Tuesday, March 15, 2011

Analysis of Confederate Widow's Pension: Mary Jane Riggins Sweat

Back in January, I looked at the Confederate Veteran's pension application for Roland Sweat, the brother of my maternal 3rd great grandfather. This morning, I was spending a little time going back over my sources when I came across the widow's pension application for his widow, Mary Jane Riggins Sweat.

The first page has the front piece of what appears to be a brochure-like package. On it we learn that she was living in Pierce County and the widow of Roland Sweat. Her application was approved on 17 March 1897 and the warrant issued two days later.Also on the first page is a power of attorney. It appears she granted William A Wright (who was also power of attorney for Roland) power to receive her pension and send it to her. The page is signed, but there is also an x indicated as her mark so it appears she wasn't literate.

The second page has the widow's affidavit. In this document, we learn that she is the widow of Roland Sweat, who she married on 14 February 1859 and stayed with until his death on 8 May 1896.

It notes that he was a resident of Pierce County at the time of his death and receiving a pension of $100 for his disability. A description of the disability and its effects follow. It basically reiterates what is on his application-a shot through the left hip and a head wound which caused a disease that grew progressively worse until his death.

The affidavit ends with her statement that she is a resident of Pierce County and has been since 9 March 1857. This is also signed with her mark and her signature. This time, there is another signature next to hers, a JD Summerall, which later pages indicate is the county ordinary.

Pages three and four duplicate the first two pages. Page five has the affidavit of three witnesses, the physician's affidavit and the certificate of the ordinary where the applicant lives. The three witnesses were John Cleland, JA Harper and John Aldridge. The latter two names are familiar as they were witnesses on Roland's application.

They state that they know Mary Jane and knew Roland prior to his death. The writing is difficult to read, but it appears the first two served with Roland during the War. The last guy just certifies that their statements are true.

The physician's affidavit is the statement of two physicians. One, WP Williams, was also on Roland's application. The other is JE Goche(?). They state that they knew Roland and reiterate his death date. Then they talk about his injuries and their effects.

The certificate of the ordinary states that he is familiar with Mary Jane and to his knowledge, she has resided continuously in Georgia since 15 January 1873. He also certifies that the witnesses are truthful men.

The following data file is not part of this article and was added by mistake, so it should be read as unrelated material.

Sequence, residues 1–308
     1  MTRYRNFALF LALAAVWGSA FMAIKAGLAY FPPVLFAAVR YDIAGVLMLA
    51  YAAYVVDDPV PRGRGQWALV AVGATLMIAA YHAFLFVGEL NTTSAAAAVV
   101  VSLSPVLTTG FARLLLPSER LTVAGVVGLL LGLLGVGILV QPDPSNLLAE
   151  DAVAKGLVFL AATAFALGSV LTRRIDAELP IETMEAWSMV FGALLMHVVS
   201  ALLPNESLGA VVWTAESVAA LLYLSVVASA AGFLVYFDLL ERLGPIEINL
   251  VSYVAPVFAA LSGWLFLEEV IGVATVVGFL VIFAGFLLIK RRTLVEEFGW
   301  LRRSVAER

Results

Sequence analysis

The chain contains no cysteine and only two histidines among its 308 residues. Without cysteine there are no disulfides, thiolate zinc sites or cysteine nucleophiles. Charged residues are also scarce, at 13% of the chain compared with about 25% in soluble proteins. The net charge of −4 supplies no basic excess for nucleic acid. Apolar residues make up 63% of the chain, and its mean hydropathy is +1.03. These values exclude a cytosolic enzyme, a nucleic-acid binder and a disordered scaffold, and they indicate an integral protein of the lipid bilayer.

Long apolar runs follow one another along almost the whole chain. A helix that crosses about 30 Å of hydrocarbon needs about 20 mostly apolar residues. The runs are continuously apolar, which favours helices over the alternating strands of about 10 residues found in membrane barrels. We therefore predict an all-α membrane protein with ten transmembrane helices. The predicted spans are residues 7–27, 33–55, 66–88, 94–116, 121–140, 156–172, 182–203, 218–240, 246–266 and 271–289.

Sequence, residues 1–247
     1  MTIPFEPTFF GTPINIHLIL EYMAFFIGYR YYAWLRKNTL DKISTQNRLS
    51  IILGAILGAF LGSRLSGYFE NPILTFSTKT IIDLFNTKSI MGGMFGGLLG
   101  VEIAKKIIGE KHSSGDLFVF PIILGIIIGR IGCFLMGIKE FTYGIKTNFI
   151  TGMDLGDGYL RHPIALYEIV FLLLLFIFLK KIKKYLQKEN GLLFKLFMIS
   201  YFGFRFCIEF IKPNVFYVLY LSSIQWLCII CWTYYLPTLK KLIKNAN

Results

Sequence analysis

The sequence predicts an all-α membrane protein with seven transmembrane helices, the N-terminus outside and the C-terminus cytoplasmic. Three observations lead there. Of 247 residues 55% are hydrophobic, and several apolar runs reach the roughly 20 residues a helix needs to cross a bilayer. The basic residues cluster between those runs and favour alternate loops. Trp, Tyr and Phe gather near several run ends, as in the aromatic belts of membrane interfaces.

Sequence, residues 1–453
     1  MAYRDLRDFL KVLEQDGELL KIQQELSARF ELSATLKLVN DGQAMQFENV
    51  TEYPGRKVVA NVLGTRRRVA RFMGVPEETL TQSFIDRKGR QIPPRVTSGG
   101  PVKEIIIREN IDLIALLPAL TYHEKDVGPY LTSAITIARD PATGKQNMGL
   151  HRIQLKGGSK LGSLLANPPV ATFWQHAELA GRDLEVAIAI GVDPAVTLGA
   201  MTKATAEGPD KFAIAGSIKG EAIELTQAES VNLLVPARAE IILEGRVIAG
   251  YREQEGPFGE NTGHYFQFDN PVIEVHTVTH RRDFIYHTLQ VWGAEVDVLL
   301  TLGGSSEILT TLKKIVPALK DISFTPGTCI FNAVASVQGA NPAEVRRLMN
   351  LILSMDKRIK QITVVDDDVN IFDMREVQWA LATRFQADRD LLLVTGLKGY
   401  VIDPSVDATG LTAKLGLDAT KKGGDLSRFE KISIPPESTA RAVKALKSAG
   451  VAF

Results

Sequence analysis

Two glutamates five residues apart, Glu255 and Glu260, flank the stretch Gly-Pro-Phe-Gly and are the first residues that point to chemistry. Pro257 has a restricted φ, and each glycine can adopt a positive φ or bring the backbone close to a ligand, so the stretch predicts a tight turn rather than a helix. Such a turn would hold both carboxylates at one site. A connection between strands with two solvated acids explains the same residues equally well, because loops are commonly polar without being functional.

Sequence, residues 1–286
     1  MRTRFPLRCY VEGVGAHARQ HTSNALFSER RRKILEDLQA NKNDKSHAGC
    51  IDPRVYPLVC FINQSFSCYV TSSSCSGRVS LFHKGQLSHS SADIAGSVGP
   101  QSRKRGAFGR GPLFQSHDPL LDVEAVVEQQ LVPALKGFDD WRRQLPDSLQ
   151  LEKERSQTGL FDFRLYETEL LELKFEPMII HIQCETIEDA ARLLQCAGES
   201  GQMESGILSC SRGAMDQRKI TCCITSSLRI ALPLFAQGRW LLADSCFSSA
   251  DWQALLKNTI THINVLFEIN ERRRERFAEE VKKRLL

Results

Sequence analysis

Page six is a copy of page five. Page seven appears to be two recertification of her original application. The first is dated 7 January 1898 and the second 9 January 1899.

Page nine has the certification statements for the documents on page eight. Pages eight through fifteen have her recertifications for 1900 through 1907. The warrants were issued on 24 January 1900, 14 Jan 1901.13 February 1902, 2 March 1903, 9 March 1904, 28 February 1905, 26 January 1906 and 31 January 1907 respectively. JD Summerall remains the ordinary and William A Wright holds power of attorney through all the recertifications.

Page sixteen, the final page, is a letter written to Richard Johnson of Atlanta, GA. The letter is written on the letterhead of JD Summerall, Ordinary of Pierce County, and dated 2 February 1897. The letter explains that the application of Mary Jane Sweat, widow of Roland Sweat, is enclosed. It reminds Mr Johnson that Roland had his own pension prior to his death and urges him to consider the widow's pension favorably as she is in very needy circumstances.

  • It is interesting that the date Mary Jane Riggins Sweat gives as the start of her residence in Pierce County does not match the date given by the ordinary JD Summerall as the start of her residence in Georgia. She states that she has been in Pierce County since 9 March 1857. The ordinary says she has been in Georgia since 15 January 1873. It's possible that the ordinary did not meet Mary Jane until that date, thus that was the first of his knowledge of her residence.
  • Richard Johnson also appeared in Roland Sweat's pension package. He was listed as Secretary of Executive Department, and also served as Roland's power of attorney at one point. On Mary Jane's original application, it lists Richard as Secretary of Executive Department. Mary Jane's later pension applications (recertifications) show John W Lindsey, who is noted as Commissioner of Pensions.
  • It is interesting that the widow's pension goes only through 1907. Mary Jane passed away in 1923. I will have to do some digging to see if her pension stopped in 1907 or continued on until the time of her death.


Georgia's Virtual Vault, Confederate pension Applications 1879-1960 [database and images online], Record ID USAMILCONFEDGA_184974-00146. Georgia Archives

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